5. New Public Charge Rule Considerations

    As discussed in the previous section, beginning in 2018, the public charge rule was amended. Prior to January 2018, the submission of an Affidavit of Support was sufficient to establish that a Green Card applicant would not be a public charge of the U.S. The Affidavit of Support is now treated only as one factor to be considered by the consular officer when making a public charge determination. After a number of legal challenges, the final public charge rule has been implemented, effective as of February 24, 2020. For Green Card applicants on the consular processing path (such as those applying in Japan), the following changes are of note:

    1. A public charge is no longer someone who would become primarily dependent on public welfare payments, but rather someone who may receive such payments for at least 12 months over any 36-month period of time. The receipt of two welfare payments in one-month count as two months usage of this calculation.
    2. The Japanese Spouse will now be asked to submit Form DS-5540 (Public Charge Questionnaire). The questionnaire asks the Japanese Spouse about matters such as their finances (assets, income and debt situation, whether they have health insurance), any history of receiving certain public welfare payments in the U.S., and education history.
    3. Consular officers will now consider the use of ‘non-cash’ public benefits used by the Japanese Spouse in the past, such as food stamps and Medicaid. Under the previous rule, only cash-based benefits were relevant when making a public charge determination. In addition, the use of public benefits by family members of the Japanese Spouse, by the U.S. Spouse (when acting as Financial Sponsor), and by the household members of the U.S. Spouse (when acting as Financial Sponsor) can be considered when making a public charge determination.
    4. Consular officers will now consider any medical condition the Japanese Spouse has been diagnosed with, and whether the applicant has sufficient health insurance or the means to pay for medical expenses in the U.S.
    5. Consular officers will now consider the English proficiency of the Japanese Spouse.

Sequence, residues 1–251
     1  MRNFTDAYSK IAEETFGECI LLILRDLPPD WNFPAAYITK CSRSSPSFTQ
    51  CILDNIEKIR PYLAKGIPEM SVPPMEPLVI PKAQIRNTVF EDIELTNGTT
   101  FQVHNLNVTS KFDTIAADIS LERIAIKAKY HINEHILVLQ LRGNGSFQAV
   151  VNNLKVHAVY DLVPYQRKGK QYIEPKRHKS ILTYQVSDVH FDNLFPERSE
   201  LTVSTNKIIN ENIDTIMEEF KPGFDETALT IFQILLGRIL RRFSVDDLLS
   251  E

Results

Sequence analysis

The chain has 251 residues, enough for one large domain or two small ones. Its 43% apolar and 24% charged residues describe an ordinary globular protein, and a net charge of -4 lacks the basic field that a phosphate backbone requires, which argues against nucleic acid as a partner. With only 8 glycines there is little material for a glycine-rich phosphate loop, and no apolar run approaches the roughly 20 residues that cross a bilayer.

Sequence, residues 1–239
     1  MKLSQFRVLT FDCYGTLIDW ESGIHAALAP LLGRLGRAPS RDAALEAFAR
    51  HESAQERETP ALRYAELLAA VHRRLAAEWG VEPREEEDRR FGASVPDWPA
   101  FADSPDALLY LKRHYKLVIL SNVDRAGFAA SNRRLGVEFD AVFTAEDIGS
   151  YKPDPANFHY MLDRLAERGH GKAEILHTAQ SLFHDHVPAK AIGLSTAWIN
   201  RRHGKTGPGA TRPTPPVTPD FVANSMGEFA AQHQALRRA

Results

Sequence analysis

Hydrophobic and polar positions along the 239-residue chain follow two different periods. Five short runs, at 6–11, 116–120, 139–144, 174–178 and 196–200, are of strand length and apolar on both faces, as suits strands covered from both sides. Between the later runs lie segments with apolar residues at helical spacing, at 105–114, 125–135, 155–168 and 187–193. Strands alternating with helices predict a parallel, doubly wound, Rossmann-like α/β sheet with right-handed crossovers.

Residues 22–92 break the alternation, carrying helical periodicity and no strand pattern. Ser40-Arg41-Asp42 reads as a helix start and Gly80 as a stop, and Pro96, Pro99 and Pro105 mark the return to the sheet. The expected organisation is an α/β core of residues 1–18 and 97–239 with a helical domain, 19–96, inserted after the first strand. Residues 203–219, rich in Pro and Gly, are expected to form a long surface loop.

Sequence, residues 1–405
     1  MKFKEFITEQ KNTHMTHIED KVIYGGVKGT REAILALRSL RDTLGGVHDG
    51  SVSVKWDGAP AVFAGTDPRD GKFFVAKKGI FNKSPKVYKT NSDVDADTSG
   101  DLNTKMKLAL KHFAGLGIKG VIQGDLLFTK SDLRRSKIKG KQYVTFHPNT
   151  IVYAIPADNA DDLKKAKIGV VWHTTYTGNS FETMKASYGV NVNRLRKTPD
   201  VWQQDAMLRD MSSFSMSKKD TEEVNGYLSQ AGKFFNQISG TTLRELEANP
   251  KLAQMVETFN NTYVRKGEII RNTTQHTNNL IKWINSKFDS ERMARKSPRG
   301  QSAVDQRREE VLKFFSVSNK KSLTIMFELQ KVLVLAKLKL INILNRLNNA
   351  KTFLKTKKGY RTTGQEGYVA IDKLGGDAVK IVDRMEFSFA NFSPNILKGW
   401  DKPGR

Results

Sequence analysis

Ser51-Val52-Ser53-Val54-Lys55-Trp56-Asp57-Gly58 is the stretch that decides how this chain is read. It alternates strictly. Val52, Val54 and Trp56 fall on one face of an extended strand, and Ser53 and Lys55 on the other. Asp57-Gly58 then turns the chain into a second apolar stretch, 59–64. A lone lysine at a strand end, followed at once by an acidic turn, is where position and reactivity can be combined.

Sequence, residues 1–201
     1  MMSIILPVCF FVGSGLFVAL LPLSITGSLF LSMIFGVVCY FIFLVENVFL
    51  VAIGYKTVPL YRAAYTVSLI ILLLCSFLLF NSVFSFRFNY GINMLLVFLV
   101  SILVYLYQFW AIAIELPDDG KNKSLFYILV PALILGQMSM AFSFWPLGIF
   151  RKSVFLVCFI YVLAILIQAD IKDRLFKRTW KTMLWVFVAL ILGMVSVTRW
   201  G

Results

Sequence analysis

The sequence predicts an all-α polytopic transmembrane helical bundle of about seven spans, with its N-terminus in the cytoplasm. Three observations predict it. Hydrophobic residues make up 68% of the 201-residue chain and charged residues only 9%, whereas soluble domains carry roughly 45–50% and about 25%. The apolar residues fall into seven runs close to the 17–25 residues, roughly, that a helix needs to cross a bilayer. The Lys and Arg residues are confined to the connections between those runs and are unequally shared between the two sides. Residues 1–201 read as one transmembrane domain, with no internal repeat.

6. Consular officers will now consider the employment prospects of the Japanese Spouse in the U.S., their employment history, and may question Japanese Spouses about education, job offers and job skills.
    7. Consular officers will now consider any previous Japanese Spouse visa denials.

    As the new public charge rules have only been recently implemented, there are many outstanding questions and complaints about consular officers applying the new rules. It is highly recommended that couples on the consular processing path, such as a Japanese Spouse and U.S. Spouse residing in Japan, consult with a U.S. immigration attorney to ensure compliance with the new rules and avoid unnecessary questioning at consular interviews.

  6. Final Processing and Interview Preparation

    Unless there are any additional requests made for documents by NVC, the Japanese Spouse will receive notice of a decision approximately 3-5 months after submitting all required application forms and supporting documents.

    After a decision has been made, the file of the Japanese Spouse will again be transferred from NVC to the relevant U.S. consulate or embassy (Naha or Tokyo) for the Japanese Spouse. Prior to attending the interview at the U.S. consulate or embassy, there are a number of steps the Japanese Spouse must take, including:

    1. Attending a medical examination to be performed by a doctor approved by the Department of State. The Japanese Spouse may schedule the examination after receiving the Green Card interview appointment letter. The medical examination is required to ensure the Japanese Spouse has no medical condition that would make them inadmissible for immigration purposes, such as having a serious communicable disease. A summary overview of the medical examination is as follows: